Article Text

Download PDFPDF

UDCA, PBC and biochemistry: what does normal mean?
  1. Mayo Clinic
  2. 200 First Street SW
  3. Rochester, MN 55905, USA
  4. email: lindor.keith{at}

    Statistics from

    Request Permissions

    If you wish to reuse any or all of this article please use the link below which will take you to the Copyright Clearance Center’s RightsLink service. You will be able to get a quick price and instant permission to reuse the content in many different ways.

    See article on page 121

    In this issue (see page 121), Lueschner and colleagues extend previous reports regarding factors that predict biochemical normalisation in patients with primary biliary cirrhosis (PBC) being treated with ursodeoxycholic acid (UDCA).1 This study differs from others in having a much longer follow up period, an unusually large percentage of patients with early stage disease, and intensive evaluation during the follow up, including extensive biochemical, immunoserological, tumour marker, HLA typing, and histological evaluations.

    They found, perhaps not surprisingly, that the less abnormal the tests initially, the more likely they were to become normal eventually on treatment and, perhaps even more obviously, the patients who had the best response after one year of treatment were most likely to have test values within the normal range when follow up was extended. They also noted histological improvement and the suggestion that symptoms improve in those patients in whom biochemical tests return to normal.

    In Lueschner et al's study, there was a lack of correlation between the percentage of UDCA in serum bile acids and the biochemical response; this is different from previous reports.2 Furthermore, there was a lack of correlation between histological stage at entry and the biochemical response. This may be an artefact given that over 80% of the patients were at histological stages 1 and 2 at entry. Also unanticipated is the histological improvement reported in those patients in whom liver function tests returned to normal. This differs from the overall experience in other studies of the treatment of PBC with UDCA in which histological improvement was inconsistently described.3-6The slow rate of histological progression reported in this series, even in the incomplete responders, is also surprising. Based on modelling studies of untreated patients with PBC, substantially more than five of 47 patients would have been expected to develop histological progression over six years.7 One of the drawbacks of Lueschner et al's study, however, is the sparse description of how the histological grading was done. The methods section mentions a scale from 0 to 4 for several parameters, but the authors do not give details of how the score was derived. Furthermore, the histological data are mentioned in a single sentence and are not tabulated or otherwise presented, making it difficult to grasp fully the effects of treatment on the histological features of PBC.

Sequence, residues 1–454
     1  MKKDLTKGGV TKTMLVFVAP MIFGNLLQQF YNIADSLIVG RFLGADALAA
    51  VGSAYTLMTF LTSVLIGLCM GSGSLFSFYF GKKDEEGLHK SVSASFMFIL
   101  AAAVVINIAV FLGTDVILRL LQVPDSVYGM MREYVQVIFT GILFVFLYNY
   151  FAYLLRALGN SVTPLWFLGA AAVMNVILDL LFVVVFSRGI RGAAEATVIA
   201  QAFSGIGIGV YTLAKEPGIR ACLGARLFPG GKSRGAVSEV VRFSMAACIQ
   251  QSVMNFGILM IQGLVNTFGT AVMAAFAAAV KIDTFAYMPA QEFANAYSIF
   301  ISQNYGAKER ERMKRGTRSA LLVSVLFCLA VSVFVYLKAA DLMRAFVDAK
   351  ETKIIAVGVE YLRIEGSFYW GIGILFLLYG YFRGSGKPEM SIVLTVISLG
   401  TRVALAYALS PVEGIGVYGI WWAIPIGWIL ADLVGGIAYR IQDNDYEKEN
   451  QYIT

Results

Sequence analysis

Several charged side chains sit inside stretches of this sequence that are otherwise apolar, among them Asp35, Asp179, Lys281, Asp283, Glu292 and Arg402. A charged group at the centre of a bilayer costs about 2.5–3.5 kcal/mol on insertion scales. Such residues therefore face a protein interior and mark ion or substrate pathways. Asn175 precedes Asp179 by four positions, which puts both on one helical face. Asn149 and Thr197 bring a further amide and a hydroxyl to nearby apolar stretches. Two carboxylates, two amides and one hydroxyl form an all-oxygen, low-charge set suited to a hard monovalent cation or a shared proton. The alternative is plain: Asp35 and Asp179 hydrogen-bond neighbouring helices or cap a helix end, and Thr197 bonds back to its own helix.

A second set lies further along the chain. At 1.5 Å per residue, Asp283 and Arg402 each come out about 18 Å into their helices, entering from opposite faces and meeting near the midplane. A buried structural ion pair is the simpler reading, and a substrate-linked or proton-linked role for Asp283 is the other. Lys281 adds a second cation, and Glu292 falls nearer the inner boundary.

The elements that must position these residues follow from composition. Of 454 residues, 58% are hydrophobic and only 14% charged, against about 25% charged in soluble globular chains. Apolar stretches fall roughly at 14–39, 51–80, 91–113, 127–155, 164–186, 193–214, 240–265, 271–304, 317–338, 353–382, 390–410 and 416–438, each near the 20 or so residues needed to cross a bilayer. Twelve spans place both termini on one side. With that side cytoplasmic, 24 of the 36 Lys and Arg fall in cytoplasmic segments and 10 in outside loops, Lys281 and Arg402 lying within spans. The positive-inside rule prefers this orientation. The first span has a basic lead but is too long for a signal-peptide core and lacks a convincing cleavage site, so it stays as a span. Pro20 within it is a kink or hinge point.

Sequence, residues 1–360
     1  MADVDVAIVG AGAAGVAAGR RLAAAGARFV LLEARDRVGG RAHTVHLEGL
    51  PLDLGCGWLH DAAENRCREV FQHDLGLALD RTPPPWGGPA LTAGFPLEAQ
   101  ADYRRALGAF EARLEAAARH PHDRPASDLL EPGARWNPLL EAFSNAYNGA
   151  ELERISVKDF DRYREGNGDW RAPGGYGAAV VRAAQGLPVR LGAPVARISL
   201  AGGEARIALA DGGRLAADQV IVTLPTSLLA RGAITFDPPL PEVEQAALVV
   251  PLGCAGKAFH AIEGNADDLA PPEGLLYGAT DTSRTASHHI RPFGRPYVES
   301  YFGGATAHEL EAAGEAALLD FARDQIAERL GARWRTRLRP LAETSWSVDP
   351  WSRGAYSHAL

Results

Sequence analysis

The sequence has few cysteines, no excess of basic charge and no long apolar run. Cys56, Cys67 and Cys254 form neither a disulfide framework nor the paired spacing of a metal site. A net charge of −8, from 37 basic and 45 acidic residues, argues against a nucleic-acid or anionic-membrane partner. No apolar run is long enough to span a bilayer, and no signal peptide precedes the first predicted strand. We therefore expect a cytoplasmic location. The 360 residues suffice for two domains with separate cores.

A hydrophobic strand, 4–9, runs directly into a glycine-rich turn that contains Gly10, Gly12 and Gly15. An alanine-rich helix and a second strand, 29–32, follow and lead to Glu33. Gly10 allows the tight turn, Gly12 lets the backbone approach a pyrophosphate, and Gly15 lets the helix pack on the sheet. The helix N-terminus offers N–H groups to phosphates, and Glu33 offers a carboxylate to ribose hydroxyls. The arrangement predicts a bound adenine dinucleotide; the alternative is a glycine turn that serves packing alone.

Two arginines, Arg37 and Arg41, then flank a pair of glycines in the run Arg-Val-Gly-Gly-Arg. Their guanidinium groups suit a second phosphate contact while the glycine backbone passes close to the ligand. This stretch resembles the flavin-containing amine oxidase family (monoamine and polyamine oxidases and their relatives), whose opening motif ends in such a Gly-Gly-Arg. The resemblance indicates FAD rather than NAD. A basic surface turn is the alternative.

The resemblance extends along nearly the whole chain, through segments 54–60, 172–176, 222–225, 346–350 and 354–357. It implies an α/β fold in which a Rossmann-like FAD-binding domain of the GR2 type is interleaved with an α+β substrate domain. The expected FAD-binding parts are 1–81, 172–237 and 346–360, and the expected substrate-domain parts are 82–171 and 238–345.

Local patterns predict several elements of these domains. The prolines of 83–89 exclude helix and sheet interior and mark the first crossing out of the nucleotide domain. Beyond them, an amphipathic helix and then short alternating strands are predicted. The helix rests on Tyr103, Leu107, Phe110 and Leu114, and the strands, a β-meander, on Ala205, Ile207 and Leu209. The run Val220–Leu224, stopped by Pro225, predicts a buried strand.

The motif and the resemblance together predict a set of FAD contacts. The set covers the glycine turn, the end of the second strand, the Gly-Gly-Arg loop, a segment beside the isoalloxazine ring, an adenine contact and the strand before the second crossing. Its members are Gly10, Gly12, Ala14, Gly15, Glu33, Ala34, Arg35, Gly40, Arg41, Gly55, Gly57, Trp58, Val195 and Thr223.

Perhaps the most important unanswered question is the relation between normalisation of liver function tests and clinically relevant findings such as the development of cirrhosis and its complications. The meaning of this work could be as trivial as showing that those patients with the least abnormal liver tests before treatment have the least abnormal tests after treatment. It would be certainly important to know whether the biochemical normalisation correlated with clinically important outcomes. Given the early stages of disease in these patients, it is unlikely over even a five year period that these patients would die or require liver transplantation or develop the complications of liver disease which the authors have outlined so carefully. Perhaps another measure would be to assess the correlation between biochemical changes and changes in the Mayo Risk Score. This is mentioned only in passing, the authors stating in the discussion that the Mayo Risk Score or European Risk Score (presumably calculated before treatment began) did not predict the biochemical response to UDCA. Although there are hazards in using surrogate markers, two separate series have shown that the Mayo Risk Score predicts prognosis accurately in patients being treated with UDCA.8 9 The results of this calculation for the patients in Lueschner et al's study would be of interest.

    Early measures of treatment response will be particularly important when other forms of therapy become available, particularly when they are to be used as adjuncts to treatment with or in place of treatment with UDCA. Lueschner et al's study suggests that patients with almost normal test results after one year were most likely to go on to complete biochemical normalisation, although as discussed earlier, the clinical implications of this are truly unclear. This study does help to confirm the value of the initial response of alkaline phosphatase activities to UDCA treatment as a potential determinant of candidacy for adjuvant therapy, as has been reported recently.9 In the previously reported study, higher alkaline phosphatase activities after at least six months of UDCA therapy correlated with a poorer clinical outcome. Future studies evaluating the issue of predicting response to UDCA will need to focus both on the biochemical response and on carefully described histological findings and other clinically relevant end points.

    See article on page 121


    Linked Articles